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$1.8 million grant to improve post-concussion driving safety

  |   Kathryn Kao   |   Permalink   |   News Release,   Research,   Spotlight,   Students and Faculty

Driving is a highly complicated activity that requires a combination of motor, visual, and cognitive skills to avoid catastrophic accidents. But these skills are often impaired after individuals suffer mild traumatic brain injuries or concussions.

In fact, more than 3.8 million concussions occur annually in the United States, but only 44% of concussed individuals reduce their driving. Despite this knowledge, there are no established regulations to ensure post-concussion driving safety.

To help address this issue, a new $1.8 million study funded by the National Institutes of Health (NIH) will analyze the driving of both concussed and non-concussed individuals to provide recommendations for when the concussed group is safe to drive again.

Julianne Schmidt in concussion lab with participant.

“There are no recommendations or guidelines for clinicians to use to address these questions that patients with concussions have,” said Julianne Schmidt, associate professor in the UGA Mary Frances Early College of Education’s Department of Kinesiology and principal investigator of the study. “We have well-established guidelines for returning to school and sports, but we don’t ever mention driving.”

Evidence of poorer driving performance in first 72 hours

The NIH grant will fund a five-year-long study that aims to strengthen the results from a previous investigation by Schmidt, which found that patients with concussions had poorer driving performance during the acute stage—or first 72 hours of injury—than the non-concussed group.

The driving simulation used in the study looked at several factors, including total number of collisions, stop signs missed, lane excursions, total drive time, percentage of time over the speed limit, and percentage of time out of the lane.

Based on these data, Schmidt found that the concussed group committed more lane excursions and speed changes, drove closer to the centerline, and had poorer vehicle control while navigating around a car compared to the non-concussed group.

“Within three days, the concussion group committed more frequent lane excursions and they had greater difficulty with controlling the speed of the car, and they went outside of the lines more often,” said Schmidt. “They were more variable in their speed, which might not seem like that big of a deal, but those are two driving behaviors that have been associated with motor vehicle crash risk from driving simulation research.”

According to Schmidt, the data showed driving patterns associated with risk for motor vehicle crashes within the first few days of concussion.

In contrast, once their symptoms went away, the concussed group drove more conservatively than the non-concussed group, committing less speed changes while navigating through a traffic light.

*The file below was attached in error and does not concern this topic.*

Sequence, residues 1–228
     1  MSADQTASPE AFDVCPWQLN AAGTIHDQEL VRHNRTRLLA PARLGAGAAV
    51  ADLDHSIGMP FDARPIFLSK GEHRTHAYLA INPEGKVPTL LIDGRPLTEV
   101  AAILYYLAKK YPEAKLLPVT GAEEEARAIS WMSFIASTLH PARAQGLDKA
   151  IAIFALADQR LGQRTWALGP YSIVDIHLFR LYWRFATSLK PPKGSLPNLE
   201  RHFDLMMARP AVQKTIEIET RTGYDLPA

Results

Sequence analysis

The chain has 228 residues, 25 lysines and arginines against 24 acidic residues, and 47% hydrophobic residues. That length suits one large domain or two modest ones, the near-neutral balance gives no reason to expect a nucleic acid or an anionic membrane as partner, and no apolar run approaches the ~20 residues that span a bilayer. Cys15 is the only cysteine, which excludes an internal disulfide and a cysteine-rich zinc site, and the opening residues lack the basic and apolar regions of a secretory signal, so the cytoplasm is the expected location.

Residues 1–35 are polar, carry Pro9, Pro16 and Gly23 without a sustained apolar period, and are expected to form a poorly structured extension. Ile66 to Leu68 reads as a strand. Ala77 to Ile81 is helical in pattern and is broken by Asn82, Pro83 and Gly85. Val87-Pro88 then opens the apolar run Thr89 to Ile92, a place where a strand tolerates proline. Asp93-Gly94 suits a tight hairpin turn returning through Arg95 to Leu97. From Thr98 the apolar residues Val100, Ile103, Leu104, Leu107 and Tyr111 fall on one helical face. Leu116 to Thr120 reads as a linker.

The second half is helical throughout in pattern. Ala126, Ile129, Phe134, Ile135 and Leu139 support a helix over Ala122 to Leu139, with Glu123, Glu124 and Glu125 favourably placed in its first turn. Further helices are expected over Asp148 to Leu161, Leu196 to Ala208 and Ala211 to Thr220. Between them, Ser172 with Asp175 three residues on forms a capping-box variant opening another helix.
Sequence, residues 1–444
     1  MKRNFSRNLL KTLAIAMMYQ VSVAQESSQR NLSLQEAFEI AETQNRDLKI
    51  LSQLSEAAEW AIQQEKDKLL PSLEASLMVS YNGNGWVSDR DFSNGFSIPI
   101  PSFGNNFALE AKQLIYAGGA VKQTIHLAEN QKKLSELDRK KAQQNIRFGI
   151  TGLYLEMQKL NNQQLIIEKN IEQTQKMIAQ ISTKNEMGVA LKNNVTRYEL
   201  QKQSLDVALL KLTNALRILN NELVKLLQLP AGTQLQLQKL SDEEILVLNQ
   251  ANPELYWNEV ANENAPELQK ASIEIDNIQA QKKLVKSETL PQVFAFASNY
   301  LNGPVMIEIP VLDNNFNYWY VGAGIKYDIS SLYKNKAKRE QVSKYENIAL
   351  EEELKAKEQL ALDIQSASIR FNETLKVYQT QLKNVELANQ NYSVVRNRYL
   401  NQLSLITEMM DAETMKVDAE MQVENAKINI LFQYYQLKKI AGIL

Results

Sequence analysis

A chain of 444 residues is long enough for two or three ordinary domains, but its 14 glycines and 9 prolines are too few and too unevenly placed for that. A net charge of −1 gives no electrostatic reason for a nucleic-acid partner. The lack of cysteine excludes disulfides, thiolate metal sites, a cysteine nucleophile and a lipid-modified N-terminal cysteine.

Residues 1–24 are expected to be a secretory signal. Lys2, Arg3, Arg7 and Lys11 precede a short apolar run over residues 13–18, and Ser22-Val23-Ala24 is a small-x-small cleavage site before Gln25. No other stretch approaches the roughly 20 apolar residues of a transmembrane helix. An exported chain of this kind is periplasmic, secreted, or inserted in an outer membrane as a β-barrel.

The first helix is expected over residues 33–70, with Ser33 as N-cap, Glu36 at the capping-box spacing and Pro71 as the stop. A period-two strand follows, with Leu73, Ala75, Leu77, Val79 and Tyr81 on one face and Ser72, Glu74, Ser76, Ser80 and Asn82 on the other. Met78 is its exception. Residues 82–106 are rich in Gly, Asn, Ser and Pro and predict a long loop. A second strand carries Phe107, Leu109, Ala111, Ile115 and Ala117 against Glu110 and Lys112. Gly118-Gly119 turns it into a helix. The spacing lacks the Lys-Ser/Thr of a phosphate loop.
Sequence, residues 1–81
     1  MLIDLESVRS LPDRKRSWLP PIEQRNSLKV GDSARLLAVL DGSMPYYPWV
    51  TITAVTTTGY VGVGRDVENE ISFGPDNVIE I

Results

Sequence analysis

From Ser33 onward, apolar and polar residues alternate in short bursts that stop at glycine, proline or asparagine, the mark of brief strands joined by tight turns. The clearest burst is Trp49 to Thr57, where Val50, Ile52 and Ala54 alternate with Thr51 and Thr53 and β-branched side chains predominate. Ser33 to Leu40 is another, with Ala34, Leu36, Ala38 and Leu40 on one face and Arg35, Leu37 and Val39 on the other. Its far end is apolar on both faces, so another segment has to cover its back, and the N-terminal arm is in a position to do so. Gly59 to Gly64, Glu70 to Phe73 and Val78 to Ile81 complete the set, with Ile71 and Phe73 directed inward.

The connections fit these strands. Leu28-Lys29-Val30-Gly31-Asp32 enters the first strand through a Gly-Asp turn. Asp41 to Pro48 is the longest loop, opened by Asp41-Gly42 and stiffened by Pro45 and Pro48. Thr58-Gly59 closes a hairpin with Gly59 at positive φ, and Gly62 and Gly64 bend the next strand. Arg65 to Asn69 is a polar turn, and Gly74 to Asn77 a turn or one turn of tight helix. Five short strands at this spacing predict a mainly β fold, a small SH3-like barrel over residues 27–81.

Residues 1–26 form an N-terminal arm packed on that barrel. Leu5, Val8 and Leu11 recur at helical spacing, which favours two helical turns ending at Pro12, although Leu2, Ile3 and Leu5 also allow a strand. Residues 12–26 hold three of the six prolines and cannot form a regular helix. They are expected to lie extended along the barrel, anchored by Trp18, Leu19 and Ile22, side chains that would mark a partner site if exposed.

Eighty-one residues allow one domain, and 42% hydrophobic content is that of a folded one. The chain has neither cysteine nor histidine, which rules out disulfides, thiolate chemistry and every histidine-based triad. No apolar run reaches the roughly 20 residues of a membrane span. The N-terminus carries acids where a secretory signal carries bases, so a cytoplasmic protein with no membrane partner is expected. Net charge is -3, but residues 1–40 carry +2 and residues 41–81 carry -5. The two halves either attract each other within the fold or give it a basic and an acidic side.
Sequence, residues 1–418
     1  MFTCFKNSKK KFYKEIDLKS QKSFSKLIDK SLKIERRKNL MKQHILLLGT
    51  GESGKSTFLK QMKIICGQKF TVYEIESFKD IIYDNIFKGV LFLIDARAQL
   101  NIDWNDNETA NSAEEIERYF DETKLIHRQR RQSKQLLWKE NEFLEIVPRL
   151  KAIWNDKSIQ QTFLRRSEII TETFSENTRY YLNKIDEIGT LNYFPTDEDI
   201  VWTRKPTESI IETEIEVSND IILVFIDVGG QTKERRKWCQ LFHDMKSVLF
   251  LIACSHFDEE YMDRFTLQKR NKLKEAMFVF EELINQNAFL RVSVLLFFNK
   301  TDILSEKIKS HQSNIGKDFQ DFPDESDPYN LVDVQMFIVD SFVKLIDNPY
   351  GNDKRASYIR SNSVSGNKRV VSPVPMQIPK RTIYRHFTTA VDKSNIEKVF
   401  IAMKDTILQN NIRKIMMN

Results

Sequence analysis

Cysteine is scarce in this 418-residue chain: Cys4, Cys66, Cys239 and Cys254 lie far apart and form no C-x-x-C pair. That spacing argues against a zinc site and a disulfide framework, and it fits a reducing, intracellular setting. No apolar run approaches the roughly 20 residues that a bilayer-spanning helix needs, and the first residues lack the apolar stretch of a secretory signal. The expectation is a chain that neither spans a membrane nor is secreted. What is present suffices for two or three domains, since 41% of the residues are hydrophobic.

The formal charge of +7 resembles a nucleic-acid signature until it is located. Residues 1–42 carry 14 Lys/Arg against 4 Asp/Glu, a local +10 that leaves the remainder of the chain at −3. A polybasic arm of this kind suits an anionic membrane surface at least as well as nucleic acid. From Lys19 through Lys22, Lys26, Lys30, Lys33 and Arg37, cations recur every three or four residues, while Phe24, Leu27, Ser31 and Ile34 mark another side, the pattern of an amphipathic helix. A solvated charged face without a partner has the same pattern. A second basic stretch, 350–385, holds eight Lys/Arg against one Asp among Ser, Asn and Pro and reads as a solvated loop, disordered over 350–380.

Once the concussed participants were cleared to return to their sport, the two groups showed no difference in total collisions.

When should individuals with concussions return to driving?

Schmidt’s new study will be conducted at UGA and Emory University and will assess 100 participants before, during, and post-concussion to determine key signs of post-concussion driving performance.

“We’ll be able to compare whether their driving is worse or better or the same to their own personalized baseline on the driving simulator,” said Schmidt. “Our driving recommendations about how long people should refrain from driving have to be realistic, and they must balance the social importance of driving. We must find the exact point of recovery, so we can make sure they return to driving as soon as safely possible.”

The need for recommendations is critical because patients with concussions cross the centerline more frequently within the first 48 hours of injury and—as Schmidt’s previous study found—have poorer vehicle control during the first 72 hours when they are still exhibiting symptoms.

In the absence of guidelines for concussed drivers, Schmidt’s study will compare the simulated driving of both groups across five time points: before concussion, on day two, on day four, when participants are asymptomatic, and then again when they receive medical clearance.

The goal of the study is to produce results that will improve the safety of both patients with concussions and the general population by providing the former with appropriate recommendations that avoid stripping them of their independence, which may dissuade future concussion patients from seeking medical care.

On a broader scale, the study can guide the practices of health professionals, inform the future work of researchers, and affirm the work of policymakers.

“Mild traumatic brain injury and concussion haven’t really been extensively studied with motor vehicle crashes outside of a simulator,” said Schmidt. “This is important for every person who takes to the road because these are people that potentially have impairments that are severe enough to make them drive differently, and that doesn’t just affect them.”

“They’re potentially putting every person on the road at risk just like somebody who drives intoxicated. And so, the real broad positive impact is that this goes well beyond just the patient themselves because it helps the patient, it helps the clinician, and it helps everybody who’s on the roadway.”

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